You may know that the human papilloma virus (HPV) can cause cervical cancer. But did you know that HPV is a major reason for the rise in cases of head and neck cancers?
These cancers, known as oropharyngeal cancers, develop in the back of the throat. Tumors can grow on the tonsils, soft palate, or base of the tongue. The Centers for Disease Control and Prevention (CDC) reports that HPV causes about 70% of oropharyngeal cancers.
Here’s what you need to know about HPV and head and neck cancer.
Get the Facts About HPV
Out of 100 types of HPV, about 40 spread through direct sexual contact. This includes the HPV viruses that cause oropharyngeal cancer, reports the CDC. Oral sex is the main way HPV spreads to the mouth, but doctors believe the virus may spread in other ways, too.
Many people develop oral HPV at some point during their lives without even knowing it. The immune system usually rids the body of HPV within a year or two with no lasting damage. But HPV-related oropharyngeal cancers can develop years later in a small number of people, usually those 50 and over.
The CDC estimates that about 3,500 women in the United States receive a new diagnosis of an HPV-associated oropharyngeal cancer each year. For men in the U.S., that number is about 16,200 cases each year.
These numbers represent an increase in HPV-associated oropharyngeal cancers compared with previous decades. Meanwhile, the National Cancer Institute reports that the number of oropharyngeal cancer cases linked to traditional causes like tobacco and alcohol has decreased.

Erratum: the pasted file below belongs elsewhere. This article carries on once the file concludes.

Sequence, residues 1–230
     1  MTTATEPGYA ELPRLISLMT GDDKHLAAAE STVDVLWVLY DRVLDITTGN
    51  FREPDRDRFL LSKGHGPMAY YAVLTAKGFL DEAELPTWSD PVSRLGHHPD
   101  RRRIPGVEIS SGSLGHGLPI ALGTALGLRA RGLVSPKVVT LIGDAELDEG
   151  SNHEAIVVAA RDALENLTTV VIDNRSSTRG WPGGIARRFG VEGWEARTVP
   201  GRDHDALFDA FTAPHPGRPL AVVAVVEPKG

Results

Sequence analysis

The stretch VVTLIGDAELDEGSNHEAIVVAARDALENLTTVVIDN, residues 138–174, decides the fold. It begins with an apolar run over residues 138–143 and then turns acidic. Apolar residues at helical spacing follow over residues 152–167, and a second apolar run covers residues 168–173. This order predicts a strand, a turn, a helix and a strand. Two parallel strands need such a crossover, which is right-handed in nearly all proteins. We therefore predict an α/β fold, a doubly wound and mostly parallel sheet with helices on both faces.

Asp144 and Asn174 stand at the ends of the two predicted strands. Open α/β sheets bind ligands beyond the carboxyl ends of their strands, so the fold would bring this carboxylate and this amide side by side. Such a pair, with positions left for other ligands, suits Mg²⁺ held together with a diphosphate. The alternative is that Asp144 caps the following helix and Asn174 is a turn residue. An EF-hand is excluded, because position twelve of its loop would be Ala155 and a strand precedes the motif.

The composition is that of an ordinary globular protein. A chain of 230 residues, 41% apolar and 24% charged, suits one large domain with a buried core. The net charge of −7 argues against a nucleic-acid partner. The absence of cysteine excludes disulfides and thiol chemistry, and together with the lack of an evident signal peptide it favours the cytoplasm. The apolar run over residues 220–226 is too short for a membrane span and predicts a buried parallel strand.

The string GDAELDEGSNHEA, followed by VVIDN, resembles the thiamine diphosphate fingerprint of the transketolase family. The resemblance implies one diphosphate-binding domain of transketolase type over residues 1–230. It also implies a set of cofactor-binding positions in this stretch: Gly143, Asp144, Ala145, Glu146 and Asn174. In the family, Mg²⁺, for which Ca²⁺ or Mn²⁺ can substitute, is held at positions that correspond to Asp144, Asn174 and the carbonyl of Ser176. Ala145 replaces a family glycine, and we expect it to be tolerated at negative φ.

When to See Your Doctor or Dentist
It’s important to know the symptoms of head and neck cancer, especially if you are or have been sexually active. Symptoms include:
- Trouble hearing, breathing, or speaking
- A lump anywhere on your head, neck, or inside your mouth
- Chewing or swallowing problems
- Feeling that something is stuck in your throat
- A sore throat that lasts longer than 7 to 10 days
- Pain or ringing in the ears
If you have any of these symptoms, see your primary care doctor or dentist right away. They will perform a physical exam. They will also order imaging tests if they find any concerning lumps and refer you to a specialist if needed.
Can Vaccination Help?
The HPV vaccine prevents cervical cancer in women who receive the vaccine before adulthood.
Scientists developed the vaccine to work against several HPV subtypes. This includes HPV subtypes 16 and 18, which cause 70% of cervical cancers. HPV subtype 16 also causes most oropharyngeal cancers, and all the available vaccines work against both subtypes.
The HPV vaccine works best before a person ever has the chance to contract the HPV virus. That’s why current CDC recommendations include giving the HPV vaccine to 11- and 12-year-old girls and boys. The agency says that unvaccinated people up to age 26 should receive the vaccine, but the HPV vaccine is approved for use to age 45 in the U.S.
If you’re an adult age 27 to 45 who has already had a high risk HPV infection, your doctor may recommend that you get vaccinated against HPV. Doing so might prevent future infections.
Looking to the Future
While the HPV vaccine prevents new HPV infections, it can’t treat existing infections or diseases. That means the vaccine can’t help the people aged 50 or older who are most at risk for developing oropharyngeal cancer today. But thanks to vaccination, young people who receive the HPV vaccine face a much lower risk of oropharyngeal cancer.
UPMC researchers continue to investigate ways to prevent HPV-associated cancers. Stay up to date on the latest developments in the field of cancer research. Visit UPMC Hillman Cancer Center to learn more.
Editor's Note: This gallery was originally published on , and was last reviewed on .